A coroner issued the “greatest” warning to an inquest into the death of schoolgirl Molly Russell – as the court was shown videos of “the most distressing nature” the teenager had liked or saved on Instagram.
Coroner Andrew Walker told the inquest the 17 clips appeared to “glamorise harm to young people” and told those present to leave if they were likely to be affected by the material.
On Friday, the head of health and wellbeing at Instagram’s parent company Meta, Elizabeth Lagone, defended the social media platform’s content policies – saying suicide and self-harm material could have been posted by a user as a “cry for help”.
Ms Lagone told the court it was an important consideration of the company, even in its policies at the time of Molly’s death, to “consider the broad and unbelievable harm that can be done by silencing (a poster’s) struggles”.
Before the clips were played, North London Coroner’s Court was told lawyers and the coroner had discussed whether to edit them beforehand because they were “so uncomfortable to view”.
The coroner said: “But Molly had no such choice, so we would in effect be editing the footage for adult viewing when it was available in an unedited form for a child.”
Molly, from Harrow in north-west London, died in November 2017, prompting her family to campaign for better internet safety.
Instagram’s guidelines at the time, which were shown to the court, said users were allowed to post content about suicide and self-harm to “facilitate the coming together to support” other users but not if it “encouraged or promoted”.
Ms Lagone also denied Instagram had treated children like Molly as “guinea pigs” when it launched content ranking – a new algorithmic system for personalising and sorting content – in 2016.
The family’s lawyer, Oliver Sanders KC, said: “It’s right isn’t it that children, including children suffering from depression like Molly, who were on Instagram in 2016 were just guinea pigs in an experiment?”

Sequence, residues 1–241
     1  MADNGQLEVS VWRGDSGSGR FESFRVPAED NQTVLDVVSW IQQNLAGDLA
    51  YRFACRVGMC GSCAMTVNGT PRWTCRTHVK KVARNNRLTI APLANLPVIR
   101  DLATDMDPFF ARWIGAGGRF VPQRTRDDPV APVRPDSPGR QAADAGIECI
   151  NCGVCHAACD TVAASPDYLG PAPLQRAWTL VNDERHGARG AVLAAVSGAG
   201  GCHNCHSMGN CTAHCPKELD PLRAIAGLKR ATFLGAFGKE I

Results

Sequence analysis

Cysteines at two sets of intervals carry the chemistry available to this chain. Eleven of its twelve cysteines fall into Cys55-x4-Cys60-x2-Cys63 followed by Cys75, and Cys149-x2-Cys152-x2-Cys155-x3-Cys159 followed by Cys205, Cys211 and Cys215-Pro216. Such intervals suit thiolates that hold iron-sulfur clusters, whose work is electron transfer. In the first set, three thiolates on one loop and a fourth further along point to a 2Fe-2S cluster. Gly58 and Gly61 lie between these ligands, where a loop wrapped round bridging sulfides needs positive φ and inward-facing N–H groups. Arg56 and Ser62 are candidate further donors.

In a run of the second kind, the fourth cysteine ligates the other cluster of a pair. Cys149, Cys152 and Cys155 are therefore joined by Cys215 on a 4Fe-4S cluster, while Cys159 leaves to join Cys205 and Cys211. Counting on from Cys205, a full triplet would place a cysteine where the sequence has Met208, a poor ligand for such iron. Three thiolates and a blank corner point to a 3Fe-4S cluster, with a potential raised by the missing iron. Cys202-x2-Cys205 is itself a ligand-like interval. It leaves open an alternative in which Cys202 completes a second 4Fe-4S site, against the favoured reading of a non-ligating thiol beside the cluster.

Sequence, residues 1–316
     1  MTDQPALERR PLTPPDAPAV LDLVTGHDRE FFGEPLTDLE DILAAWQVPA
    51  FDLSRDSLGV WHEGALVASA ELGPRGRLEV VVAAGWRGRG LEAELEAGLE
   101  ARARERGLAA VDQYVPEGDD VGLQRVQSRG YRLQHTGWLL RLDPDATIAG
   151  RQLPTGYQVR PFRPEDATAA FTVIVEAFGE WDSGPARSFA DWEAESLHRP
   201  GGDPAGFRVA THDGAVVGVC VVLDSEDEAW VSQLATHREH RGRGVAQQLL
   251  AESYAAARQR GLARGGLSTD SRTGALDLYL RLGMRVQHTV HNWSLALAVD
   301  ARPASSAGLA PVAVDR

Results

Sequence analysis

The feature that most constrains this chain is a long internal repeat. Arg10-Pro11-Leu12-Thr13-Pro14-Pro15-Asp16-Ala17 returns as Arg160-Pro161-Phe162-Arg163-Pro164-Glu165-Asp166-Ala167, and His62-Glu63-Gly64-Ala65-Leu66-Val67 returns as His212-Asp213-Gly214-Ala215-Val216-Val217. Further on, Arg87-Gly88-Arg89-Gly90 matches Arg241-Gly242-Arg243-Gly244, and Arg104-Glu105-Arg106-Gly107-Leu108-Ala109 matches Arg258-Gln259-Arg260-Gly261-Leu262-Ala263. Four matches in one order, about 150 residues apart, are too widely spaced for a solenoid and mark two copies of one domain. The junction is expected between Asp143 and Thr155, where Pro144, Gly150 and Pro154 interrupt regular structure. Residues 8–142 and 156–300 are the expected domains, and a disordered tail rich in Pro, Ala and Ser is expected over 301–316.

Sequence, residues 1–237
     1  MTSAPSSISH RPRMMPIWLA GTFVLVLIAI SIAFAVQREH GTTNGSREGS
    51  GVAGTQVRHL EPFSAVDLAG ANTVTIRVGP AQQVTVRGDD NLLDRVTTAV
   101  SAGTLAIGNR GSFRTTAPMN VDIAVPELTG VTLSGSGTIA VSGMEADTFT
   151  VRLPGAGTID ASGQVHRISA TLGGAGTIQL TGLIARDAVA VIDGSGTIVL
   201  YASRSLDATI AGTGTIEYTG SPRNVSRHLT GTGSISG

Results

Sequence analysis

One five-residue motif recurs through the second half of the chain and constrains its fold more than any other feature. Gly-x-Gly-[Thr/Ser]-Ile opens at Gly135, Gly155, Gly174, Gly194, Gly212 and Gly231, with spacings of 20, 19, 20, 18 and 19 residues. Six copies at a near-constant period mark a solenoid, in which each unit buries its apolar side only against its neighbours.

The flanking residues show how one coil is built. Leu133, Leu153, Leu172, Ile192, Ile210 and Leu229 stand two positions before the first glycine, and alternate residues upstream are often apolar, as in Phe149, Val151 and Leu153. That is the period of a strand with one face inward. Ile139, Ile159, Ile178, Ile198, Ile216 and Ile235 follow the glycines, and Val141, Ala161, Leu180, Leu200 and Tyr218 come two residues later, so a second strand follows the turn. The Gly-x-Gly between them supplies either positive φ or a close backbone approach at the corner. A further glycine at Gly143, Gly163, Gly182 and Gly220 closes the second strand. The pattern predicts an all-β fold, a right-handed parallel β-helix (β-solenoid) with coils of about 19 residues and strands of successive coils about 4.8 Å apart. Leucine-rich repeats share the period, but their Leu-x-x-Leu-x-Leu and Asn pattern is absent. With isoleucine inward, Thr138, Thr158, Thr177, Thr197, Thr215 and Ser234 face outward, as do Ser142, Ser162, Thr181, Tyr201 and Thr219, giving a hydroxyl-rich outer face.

She replied: “That is specifically not the way we develop policies and procedures at the company.”
Describing footage the court was about to see, the coroner said on Friday: “It’s of the most distressing nature and it’s almost impossible to watch.
“If you are likely to be affected by any such videos, please do not stay to view them.”
Turning to the schoolgirl’s family, the coroner said: “There’s no need for any of you to stay.
“In my view, this sequence of video footage ought to be seen (by the court).”
The court was then played the clips, which related to suicide, drugs, alcohol, depression and self-harm.
Molly’s family decided to stay in the courtroom as the videos were played, but the coroner elected to take a 15-minute break in proceedings afterwards.
Ms Lagone then took to the witness box before the coroner said: “My starting point is the internet is a very dangerous place for those who enter into it.
“Every effort should be made to make that journey as safe as possible.”
Asked by Mr Sanders whether it was obvious it was not safe for children to see “graphic suicide imagery”, the executive said: “I don’t know… these are complicated issues.”
Mr Sanders drew the witness’s attention to experts who had informed Meta it was not safe for children to view the material, before asking: “Had they previously told you something different?”
Ms Lagone responded: “We have ongoing discussions with them but there are any number of… issues we talk about with them.”
The court heard Molly set up an Instagram account in March 2015 when she was 12 and was recommended 34, “possibly more”, sad or depressive related accounts on Instagram.
Of the accounts recommended, Mr Sanders said one referred to self-injury, one to concealment, four to suicidal feelings, one to “unable to carry on”, two to mortality and one to burial.
On Thursday, Pinterest’s head of community operations, Judson Hoffman, apologised after admitting the platform was “not safe” when the 14-year-old used it.
Mr Hoffman said he “deeply regrets” posts viewed by Molly on Pinterest before her death, saying it was material he would “not show to my children”.
The inquest, due to last up to two weeks, continues.